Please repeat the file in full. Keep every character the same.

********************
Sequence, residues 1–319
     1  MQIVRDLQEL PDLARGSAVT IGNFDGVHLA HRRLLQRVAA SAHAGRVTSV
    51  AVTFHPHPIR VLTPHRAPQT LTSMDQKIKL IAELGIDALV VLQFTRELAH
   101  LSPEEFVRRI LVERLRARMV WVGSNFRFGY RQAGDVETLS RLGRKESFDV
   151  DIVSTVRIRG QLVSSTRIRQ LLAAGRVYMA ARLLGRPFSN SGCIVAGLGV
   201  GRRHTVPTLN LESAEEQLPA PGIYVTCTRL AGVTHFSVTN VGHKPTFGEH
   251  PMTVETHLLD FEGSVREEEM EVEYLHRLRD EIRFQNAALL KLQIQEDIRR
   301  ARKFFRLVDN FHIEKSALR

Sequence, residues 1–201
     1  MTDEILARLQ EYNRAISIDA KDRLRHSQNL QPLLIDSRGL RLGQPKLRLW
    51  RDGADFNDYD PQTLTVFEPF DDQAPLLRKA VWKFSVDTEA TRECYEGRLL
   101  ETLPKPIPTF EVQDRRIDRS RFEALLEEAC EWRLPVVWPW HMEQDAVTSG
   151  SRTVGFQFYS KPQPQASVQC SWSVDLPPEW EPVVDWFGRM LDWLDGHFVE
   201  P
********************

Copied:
Sequence, residues 1–319
     1  MQIVRDLQEL PDLARGSAVT IGNFDGVHLA HRRLLQRVAA SAHAGRVTSV
    51  AVTFHPHPIR VLTPHRAPQT LTSMDQKIKL IAELGIDALV VLQFTRELAH
   101  LSPEEFVRRI LVERLRARMV WVGSNFRFGY RQAGDVETLS RLGRKESFDV
   151  DIVSTVRIRG QLVSSTRIRQ LLAAGRVYMA ARLLGRPFSN SGCIVAGLGV
   201  GRRHTVPTLN LESAEEQLPA PGIYVTCTRL AGVTHFSVTN VGHKPTFGEH
   251  PMTVETHLLD FEGSVREEEM EVEYLHRLRD EIRFQNAALL KLQIQEDIRR
   301  ARKFFRLVDN FHIEKSALR

Sequence, residues 1–201
     1  MTDEILARLQ EYNRAISIDA KDRLRHSQNL QPLLIDSRGL RLGQPKLRLW
    51  RDGADFNDYD PQTLTVFEPF DDQAPLLRKA VWKFSVDTEA TRECYEGRLL
   101  ETLPKPIPTF EVQDRRIDRS RFEALLEEAC EWRLPVVWPW HMEQDAVTSG
   151  SRTVGFQFYS KPQPQASVQC SWSVDLPPEW EPVVDWFGRM LDWLDGHFVE
   201  P